From groceries to real estate to utilities, inflation is everywhere. If you’re feeling helpless in the face of it, you might consider taking a cue from Gen Z and returning to an old-school form of budgeting: carrying wads of cash.
According to a new survey conducted by Credit Karma, use of cash is on the rise for young spenders born between 1997 and 2012. In a poll of 2118 adults over age 18, 69 percent of Z-ers (which numbered 331 in the poll) said they were using more cash today than 12 months ago. Roughly a quarter use cash for most purchases, including groceries, takeout food, and clothing—a pace that far exceeds the cash use of Baby Boomers and Gen X.
Why the uptick in paper currency? For many, withdrawing a set amount of money to cover monthly expenses allows them to better adhere to a budget, especially when compared to the high spending ceilings of credit cards. If it’s not in your pocket, the thinking goes, then you don’t have it to spend. And if you do have it, you’ll be more discerning in how and when to use it. The result: you spend less.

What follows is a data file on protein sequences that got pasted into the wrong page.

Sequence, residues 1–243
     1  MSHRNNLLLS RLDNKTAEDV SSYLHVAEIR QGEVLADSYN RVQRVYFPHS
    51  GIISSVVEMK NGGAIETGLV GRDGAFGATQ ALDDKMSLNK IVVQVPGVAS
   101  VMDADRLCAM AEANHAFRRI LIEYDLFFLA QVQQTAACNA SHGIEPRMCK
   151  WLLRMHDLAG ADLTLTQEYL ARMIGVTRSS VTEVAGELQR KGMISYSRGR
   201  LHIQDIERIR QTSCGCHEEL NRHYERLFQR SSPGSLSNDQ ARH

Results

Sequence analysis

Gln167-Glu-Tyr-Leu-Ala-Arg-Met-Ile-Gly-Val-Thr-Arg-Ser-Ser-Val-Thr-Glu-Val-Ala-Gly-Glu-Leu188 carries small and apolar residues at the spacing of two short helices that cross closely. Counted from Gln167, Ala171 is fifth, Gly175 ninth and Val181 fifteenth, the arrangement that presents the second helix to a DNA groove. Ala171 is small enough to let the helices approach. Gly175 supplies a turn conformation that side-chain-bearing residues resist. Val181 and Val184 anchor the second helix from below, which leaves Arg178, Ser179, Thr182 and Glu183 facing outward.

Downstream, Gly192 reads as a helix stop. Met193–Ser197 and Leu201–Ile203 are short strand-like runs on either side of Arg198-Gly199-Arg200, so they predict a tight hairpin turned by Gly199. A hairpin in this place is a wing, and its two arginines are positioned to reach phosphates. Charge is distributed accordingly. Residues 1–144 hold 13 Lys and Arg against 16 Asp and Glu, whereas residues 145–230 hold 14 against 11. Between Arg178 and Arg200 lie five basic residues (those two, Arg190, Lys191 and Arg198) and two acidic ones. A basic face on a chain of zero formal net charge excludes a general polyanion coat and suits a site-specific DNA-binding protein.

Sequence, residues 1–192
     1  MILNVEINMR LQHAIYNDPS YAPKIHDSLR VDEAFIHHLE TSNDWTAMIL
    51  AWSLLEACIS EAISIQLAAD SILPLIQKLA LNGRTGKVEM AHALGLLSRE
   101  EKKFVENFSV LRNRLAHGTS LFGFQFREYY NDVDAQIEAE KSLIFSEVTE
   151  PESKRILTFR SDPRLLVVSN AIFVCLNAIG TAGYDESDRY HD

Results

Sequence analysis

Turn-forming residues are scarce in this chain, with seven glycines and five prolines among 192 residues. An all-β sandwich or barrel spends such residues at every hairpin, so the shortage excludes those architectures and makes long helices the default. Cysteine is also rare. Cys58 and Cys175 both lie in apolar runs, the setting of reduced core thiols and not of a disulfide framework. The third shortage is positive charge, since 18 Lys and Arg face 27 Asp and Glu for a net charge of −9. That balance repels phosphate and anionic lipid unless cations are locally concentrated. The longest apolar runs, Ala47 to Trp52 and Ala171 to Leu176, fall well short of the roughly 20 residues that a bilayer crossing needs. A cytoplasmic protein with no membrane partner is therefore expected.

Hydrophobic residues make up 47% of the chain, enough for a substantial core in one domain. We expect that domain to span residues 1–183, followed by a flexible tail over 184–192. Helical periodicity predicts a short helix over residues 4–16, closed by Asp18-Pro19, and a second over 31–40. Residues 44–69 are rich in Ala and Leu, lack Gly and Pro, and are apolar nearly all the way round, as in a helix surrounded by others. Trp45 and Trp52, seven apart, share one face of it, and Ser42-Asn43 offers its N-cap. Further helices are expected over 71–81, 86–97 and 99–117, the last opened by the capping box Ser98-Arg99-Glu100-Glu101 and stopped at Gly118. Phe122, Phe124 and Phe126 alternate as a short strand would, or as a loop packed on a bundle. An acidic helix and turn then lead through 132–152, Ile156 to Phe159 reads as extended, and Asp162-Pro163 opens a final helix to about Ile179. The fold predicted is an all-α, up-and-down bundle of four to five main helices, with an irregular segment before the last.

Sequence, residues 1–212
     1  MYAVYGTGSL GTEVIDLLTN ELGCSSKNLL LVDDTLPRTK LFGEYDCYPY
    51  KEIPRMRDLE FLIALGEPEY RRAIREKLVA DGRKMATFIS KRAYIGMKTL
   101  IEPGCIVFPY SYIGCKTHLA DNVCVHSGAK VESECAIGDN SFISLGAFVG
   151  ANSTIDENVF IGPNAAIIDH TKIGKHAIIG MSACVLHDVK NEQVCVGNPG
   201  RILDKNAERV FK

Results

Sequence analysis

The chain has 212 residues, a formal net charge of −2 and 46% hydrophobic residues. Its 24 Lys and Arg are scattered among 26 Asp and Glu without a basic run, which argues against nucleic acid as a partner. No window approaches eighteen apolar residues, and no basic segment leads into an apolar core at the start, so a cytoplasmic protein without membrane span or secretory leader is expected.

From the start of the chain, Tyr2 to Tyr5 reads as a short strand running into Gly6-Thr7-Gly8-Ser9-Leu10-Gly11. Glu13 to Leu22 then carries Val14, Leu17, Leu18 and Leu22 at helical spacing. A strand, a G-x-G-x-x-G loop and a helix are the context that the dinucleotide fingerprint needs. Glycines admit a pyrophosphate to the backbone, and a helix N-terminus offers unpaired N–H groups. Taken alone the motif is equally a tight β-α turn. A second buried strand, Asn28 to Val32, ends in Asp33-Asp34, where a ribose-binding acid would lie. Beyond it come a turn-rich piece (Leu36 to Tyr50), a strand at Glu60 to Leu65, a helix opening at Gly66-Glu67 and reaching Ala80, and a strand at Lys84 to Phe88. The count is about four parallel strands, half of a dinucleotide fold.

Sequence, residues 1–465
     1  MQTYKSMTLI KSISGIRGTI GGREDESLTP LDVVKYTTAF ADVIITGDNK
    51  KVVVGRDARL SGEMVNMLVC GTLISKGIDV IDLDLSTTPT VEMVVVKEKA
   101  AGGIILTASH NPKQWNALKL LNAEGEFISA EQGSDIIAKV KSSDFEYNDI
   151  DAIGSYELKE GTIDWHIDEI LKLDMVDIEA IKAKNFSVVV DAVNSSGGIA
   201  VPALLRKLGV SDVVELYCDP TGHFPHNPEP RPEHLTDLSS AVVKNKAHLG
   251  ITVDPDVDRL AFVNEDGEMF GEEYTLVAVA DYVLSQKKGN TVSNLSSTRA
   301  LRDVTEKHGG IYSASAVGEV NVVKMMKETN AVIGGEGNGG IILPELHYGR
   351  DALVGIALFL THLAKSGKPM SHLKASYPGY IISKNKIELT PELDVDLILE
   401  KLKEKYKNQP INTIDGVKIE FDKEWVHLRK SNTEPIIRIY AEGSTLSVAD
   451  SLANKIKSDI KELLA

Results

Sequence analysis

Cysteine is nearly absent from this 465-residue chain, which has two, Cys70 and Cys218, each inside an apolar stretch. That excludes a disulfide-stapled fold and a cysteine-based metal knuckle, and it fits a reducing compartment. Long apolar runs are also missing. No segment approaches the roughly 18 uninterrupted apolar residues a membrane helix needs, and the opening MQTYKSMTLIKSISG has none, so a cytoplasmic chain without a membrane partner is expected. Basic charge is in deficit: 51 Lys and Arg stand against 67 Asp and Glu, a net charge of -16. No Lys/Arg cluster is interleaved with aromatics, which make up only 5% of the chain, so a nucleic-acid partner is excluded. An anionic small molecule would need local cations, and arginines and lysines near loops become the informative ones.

Credit Karma cites the rise of TikTok financial advice—some influencers call it “cash stuffing”—as a major driver of the trend. While the approach can vary, it usually involves setting aside a set cash amount for different categories of spending. You may budget $100 for clothing in a month. Once it runs out, that new jacket is off the table.
Eighty-nine percent of those polled said cash stuffing has resulted in more money being set aside for savings. But it may not be a one-size-fits-all approach: Some 20 percent of respondents also said they spend more in cash because a lack of a digital record—like a credit card or cash app statement—made it seem less tangible. It may also be difficult to ascertain the true spread of the trend, as the sample size—just 331 Gen Z participants—is small.
It’s also unwise to avoid credit cards entirely, particularly for those just beginning to build their financial identity. Judicious use of cards allows users to establish a positive credit history that will be needed for future mortgage and loan evaluation.
So is cash king? Maybe, but having a diverse approach to spending is likely to provide the best payoff down the line.
[h/t USA Today]